The big stories out of St. Paul’s tech and startup scene in recent years seemed to focus on who was leaving.
First it was LeadPages, a venture-backed lead gen platform that left COCO’s Lowertown location in 2014 for a larger space in Minneapolis’ Warehouse District (they’re now at over 150 employees). Last April, Cray Inc, a supercomputing company formerly based in downtown St. Paul, moved its 350 employees to a Bloomington office facility connected to Mall of America. Finally, scheduling tech startup When I Work announced last August it would move from the Drake Building just across the river from downtown St. Paul to the North Loop in Minneapolis as it was poised to nearly double its 100-person workforce.
From those tech companies alone–estimated growth included–that’s a loss of roughly 700 jobs, $62 million in venture backing, and one public tech company (Cray). Not a great sign for a city that’s been slow to bounce back from the recession (job numbers in 2015 were on par with those in 2007, according to the city’s 2016 Market Watch report), and whose Mayor pledged to add 3,000 jobs to the city by 2019.
But a group of St. Paul founders, technologists and politicians believe in telling a new story about the capital city’s startup scene. One that’s not only about who stayed, but who’s going to grow and push the Twin Cities startup ecosystem forward.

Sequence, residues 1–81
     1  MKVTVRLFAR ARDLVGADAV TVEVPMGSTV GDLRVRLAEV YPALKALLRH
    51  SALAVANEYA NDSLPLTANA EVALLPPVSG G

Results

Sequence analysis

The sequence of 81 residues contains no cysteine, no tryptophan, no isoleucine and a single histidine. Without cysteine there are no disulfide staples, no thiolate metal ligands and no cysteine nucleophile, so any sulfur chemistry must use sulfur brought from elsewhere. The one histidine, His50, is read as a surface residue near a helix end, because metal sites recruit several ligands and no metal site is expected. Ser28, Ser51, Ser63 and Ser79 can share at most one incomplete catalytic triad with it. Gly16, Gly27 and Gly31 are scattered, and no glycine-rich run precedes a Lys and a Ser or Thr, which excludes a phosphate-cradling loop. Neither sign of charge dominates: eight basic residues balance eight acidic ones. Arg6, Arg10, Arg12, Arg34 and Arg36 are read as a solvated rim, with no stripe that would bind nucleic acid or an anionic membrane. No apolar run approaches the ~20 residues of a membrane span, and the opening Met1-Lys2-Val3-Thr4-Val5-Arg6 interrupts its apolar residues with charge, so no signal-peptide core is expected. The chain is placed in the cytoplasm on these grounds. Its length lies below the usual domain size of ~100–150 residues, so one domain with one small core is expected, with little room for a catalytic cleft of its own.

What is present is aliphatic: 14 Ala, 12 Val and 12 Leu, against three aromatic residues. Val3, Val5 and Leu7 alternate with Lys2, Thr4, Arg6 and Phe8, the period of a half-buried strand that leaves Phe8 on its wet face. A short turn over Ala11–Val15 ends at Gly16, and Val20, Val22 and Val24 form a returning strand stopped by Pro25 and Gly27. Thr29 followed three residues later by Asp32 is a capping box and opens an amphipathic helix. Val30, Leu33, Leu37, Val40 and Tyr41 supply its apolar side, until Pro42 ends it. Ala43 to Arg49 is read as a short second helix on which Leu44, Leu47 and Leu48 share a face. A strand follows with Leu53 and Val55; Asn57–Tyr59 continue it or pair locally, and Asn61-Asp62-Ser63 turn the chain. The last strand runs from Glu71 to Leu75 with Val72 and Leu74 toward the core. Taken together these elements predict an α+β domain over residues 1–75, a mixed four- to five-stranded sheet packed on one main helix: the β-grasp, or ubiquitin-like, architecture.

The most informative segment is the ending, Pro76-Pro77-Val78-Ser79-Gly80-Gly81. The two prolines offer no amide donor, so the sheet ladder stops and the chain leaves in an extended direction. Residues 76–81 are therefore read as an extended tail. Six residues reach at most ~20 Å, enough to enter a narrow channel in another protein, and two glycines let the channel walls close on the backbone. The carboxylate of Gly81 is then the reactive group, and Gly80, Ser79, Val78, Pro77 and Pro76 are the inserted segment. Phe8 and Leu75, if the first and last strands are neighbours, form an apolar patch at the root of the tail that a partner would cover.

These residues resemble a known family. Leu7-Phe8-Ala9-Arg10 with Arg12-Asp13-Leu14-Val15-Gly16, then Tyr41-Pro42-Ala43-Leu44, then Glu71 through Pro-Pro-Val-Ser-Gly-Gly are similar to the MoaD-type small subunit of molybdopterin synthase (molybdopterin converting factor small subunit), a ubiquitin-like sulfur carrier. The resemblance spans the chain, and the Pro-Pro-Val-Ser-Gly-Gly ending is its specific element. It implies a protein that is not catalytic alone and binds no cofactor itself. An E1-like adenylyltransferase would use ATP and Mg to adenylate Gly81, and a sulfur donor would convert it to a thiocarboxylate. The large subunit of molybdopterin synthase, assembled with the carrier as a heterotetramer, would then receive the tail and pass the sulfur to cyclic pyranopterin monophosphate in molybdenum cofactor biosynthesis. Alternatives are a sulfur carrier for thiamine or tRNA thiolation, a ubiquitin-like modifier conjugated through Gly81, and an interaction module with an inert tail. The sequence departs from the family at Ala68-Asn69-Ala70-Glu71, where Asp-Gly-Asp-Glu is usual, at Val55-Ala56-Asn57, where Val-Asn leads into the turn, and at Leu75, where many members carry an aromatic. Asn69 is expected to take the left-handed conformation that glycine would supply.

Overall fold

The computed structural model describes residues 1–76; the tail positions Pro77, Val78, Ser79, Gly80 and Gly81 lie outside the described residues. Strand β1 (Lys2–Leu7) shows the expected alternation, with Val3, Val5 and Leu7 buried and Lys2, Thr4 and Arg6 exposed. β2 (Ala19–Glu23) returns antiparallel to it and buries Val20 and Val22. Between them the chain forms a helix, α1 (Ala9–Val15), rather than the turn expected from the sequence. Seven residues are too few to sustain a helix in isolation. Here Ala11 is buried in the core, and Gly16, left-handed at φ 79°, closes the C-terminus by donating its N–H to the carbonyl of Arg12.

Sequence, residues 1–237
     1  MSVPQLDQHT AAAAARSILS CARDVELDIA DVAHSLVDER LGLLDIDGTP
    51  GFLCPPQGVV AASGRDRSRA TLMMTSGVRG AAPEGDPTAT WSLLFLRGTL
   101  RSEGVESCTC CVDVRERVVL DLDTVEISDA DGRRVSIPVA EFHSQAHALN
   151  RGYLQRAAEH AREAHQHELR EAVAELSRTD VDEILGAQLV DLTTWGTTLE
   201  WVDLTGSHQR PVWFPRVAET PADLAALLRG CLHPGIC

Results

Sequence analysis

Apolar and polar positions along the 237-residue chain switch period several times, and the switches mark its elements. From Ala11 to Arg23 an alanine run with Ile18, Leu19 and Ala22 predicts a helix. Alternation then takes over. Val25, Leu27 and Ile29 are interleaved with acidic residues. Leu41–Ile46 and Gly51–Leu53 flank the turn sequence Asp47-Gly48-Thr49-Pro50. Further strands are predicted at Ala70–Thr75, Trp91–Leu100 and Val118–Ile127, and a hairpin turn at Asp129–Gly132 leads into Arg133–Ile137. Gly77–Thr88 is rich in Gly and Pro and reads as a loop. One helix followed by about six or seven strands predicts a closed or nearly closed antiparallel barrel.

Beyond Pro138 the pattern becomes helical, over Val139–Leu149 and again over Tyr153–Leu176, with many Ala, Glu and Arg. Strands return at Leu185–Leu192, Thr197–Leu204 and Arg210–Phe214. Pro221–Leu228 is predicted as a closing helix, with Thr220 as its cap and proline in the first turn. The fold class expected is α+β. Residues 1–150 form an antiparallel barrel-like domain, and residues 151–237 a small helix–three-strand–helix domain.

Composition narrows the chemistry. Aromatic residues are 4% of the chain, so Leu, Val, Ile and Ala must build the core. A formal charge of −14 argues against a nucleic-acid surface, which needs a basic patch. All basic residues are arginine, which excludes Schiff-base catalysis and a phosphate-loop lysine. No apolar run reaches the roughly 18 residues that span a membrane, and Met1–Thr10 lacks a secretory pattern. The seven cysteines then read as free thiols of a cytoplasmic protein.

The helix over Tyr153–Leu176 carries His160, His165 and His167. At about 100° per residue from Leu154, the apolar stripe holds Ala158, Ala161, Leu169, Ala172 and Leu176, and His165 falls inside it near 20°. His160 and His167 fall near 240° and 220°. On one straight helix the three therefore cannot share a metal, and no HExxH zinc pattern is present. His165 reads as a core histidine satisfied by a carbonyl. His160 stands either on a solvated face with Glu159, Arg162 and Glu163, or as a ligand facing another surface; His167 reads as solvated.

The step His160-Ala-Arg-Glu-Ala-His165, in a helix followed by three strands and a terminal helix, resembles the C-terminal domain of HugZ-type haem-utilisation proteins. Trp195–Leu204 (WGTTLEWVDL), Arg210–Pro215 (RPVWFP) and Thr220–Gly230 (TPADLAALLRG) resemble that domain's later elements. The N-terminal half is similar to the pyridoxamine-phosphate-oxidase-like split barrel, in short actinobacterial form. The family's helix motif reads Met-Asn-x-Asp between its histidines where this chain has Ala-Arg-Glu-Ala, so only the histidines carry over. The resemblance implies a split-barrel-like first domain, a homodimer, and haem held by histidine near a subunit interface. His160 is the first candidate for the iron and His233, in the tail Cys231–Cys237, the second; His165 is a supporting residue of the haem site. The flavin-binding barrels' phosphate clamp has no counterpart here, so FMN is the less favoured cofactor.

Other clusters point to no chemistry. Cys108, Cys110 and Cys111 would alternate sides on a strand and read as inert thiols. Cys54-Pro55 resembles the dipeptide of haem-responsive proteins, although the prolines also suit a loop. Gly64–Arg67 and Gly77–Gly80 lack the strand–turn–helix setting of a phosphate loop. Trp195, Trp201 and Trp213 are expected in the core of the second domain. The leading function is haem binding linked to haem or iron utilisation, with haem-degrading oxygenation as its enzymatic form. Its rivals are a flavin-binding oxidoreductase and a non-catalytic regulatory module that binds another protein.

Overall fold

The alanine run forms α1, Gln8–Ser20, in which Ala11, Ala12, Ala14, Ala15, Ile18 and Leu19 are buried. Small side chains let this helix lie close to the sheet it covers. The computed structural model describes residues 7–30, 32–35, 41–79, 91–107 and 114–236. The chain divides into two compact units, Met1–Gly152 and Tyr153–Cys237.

It started in February, as Mayor Coleman and Councilmember Chris Tolbert formed the Innovation Cabinet, a group of 16 experts in startups, tech, economic development, real estate and politics who are researching ways to improve St. Paul’s innovation economy. They’ve been meeting since February, and plan to release an action strategy in September. Then earlier this month, Ecolab sold its 20-story tower at 370 Wabasha St. in downtown St. Paul to real estate firm PAK Properties and a handful of local investors, who are redesigning the building to include flexible office space targeted at fast-growing companies.
“We know the more that we can attract innovative companies, the more innovative companies will want to be a part of what’s happening,” said St. Paul Mayor Chris Coleman in an interview earlier this spring. “There is just a sense of that momentum that you see in the North Loop. We’re starting to see that in St Paul, but we want to try to accelerate that.”
It’s a move that St. Paul advocates say is important not only for St. Paul but for further boosting the Twin Cities’ reputation as a growing startup hub, which ranks 37th on Kauffman’s most recent Startup Activity Report.